When the South African National War Museum opened in 1947, the then Prime Minister J C Smuts said in his speech:
“… Memorials, of course, have more than one use. They serve to remind us of what is past, of great deeds of heroism and sacrifice; they also serve as a pointer, and sometimes as a warning to the future.
It is in these senses that the South African War Museum may be regarded as a memorial. It will remind us, I hope, not only of the part we played in the recent great struggle to save civilization, but also of the horrors, the loss of life and the devastation, and serve as a warning to us to create a world in which we shall never have to use again the weapons of mass destruction we see here today, or those dreadful weapons to follow them …”
Since then, the museum, now named Ditsong National Museum of Military History, have expanded to include even more sacrifices and warnings to the future. It has a section dedicated to the resistance to war (from 1914 and onwards), and a (expanding) display of the resistance movement Umkhonto weSizwe (MK), the military arm of the ANC (the African National Congress). For those of you too young to know these names; Umkhonto weSizwe means “Spear of the Nation” in Xhosa, and MK was founded after the Sharpeville Massacre when Nelson Mandela, Oliver Tambo, Walter Sisulu and others, decided to leave the path of non-violence. (If you want to know more about this fascinating chapter our history, you can find a brief history of ANC – as told by the ANC… here – and then you should find out more, from different perspectives, in the many great books written about the history of South Africa).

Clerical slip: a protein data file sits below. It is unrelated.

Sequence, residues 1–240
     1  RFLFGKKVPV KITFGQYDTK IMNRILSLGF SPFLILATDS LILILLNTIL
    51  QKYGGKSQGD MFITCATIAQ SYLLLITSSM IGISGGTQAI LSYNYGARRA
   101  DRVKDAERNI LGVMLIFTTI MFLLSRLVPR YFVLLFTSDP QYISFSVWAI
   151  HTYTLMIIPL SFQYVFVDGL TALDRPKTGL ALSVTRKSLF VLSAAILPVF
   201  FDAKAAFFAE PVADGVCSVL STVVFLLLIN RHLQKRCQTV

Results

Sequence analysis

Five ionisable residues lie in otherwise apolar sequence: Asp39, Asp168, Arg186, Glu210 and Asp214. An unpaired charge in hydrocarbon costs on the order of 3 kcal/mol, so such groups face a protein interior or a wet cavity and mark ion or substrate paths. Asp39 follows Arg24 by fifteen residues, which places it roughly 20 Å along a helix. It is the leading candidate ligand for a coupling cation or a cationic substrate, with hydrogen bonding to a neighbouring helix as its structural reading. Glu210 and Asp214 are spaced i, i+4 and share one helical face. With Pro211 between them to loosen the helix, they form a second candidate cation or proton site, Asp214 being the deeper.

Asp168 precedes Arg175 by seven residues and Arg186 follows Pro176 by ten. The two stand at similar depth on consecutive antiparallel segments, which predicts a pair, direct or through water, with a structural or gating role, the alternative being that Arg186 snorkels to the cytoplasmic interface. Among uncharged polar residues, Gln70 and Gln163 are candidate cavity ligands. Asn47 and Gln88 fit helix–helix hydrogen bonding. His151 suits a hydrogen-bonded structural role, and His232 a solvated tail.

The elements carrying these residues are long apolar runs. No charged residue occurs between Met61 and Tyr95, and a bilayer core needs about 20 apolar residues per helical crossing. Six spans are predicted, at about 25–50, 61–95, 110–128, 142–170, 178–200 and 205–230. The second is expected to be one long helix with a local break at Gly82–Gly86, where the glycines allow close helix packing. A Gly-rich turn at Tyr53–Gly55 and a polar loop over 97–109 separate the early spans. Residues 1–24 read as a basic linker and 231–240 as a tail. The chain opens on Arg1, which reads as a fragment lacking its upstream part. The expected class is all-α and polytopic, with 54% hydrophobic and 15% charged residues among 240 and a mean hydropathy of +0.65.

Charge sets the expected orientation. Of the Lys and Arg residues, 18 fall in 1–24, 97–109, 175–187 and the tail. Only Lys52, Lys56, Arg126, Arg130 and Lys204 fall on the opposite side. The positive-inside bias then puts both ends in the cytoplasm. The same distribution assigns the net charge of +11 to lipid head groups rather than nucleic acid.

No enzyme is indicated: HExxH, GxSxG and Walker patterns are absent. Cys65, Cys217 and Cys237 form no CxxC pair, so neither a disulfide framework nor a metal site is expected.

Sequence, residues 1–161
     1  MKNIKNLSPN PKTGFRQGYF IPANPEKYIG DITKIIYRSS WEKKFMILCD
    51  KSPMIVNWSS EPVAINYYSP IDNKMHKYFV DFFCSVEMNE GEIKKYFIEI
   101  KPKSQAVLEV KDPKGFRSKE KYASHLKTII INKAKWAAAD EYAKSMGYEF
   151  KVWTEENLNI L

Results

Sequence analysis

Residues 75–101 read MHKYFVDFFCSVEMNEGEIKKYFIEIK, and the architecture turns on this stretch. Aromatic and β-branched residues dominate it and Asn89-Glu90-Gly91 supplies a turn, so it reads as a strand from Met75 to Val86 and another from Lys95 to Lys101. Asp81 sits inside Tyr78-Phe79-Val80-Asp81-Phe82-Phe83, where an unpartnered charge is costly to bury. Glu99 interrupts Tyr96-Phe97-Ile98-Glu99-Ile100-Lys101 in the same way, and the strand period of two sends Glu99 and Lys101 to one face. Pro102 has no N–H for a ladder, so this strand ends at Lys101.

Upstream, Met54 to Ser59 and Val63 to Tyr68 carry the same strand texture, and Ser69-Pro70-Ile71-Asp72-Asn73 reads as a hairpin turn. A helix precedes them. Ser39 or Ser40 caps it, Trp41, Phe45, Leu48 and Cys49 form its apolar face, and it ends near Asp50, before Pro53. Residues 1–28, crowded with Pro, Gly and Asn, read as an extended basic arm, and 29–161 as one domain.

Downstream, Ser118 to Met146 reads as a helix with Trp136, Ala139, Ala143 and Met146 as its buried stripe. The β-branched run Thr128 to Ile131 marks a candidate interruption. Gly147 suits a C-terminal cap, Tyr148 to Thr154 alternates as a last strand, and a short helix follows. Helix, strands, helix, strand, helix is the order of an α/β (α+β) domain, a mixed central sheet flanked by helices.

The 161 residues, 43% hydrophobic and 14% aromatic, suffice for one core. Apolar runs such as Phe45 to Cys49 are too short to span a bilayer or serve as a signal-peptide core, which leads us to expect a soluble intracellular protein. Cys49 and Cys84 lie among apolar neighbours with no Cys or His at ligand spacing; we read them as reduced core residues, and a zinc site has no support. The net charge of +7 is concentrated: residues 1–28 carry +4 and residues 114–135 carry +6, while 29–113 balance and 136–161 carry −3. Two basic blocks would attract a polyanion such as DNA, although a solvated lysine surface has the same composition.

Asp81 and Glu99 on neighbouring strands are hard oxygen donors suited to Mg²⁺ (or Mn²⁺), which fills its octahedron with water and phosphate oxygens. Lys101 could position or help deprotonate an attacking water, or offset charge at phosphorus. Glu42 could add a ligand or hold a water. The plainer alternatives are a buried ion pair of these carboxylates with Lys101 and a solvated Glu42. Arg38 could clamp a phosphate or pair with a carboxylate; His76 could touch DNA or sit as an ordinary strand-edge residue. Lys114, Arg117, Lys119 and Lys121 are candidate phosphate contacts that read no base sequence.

The museum is considered a spiritual and physical home to all South African soldiers, and veterans of war.
It is also the home to a one of a kind plane. At the very last part of WW II, the German engineers built the first jet engine fighter plane, ME 262. The only copy of this plane left in the world, is on display at the Ditsong museum.
The museum is part of a larger group of eight national museums. Home for the Ditsong National Museum of Military History is Johannesburg, next to the Zoo. If you can’t make it in person, (but you really should try, South Africa is an amazing country!), you can find some information on the website here.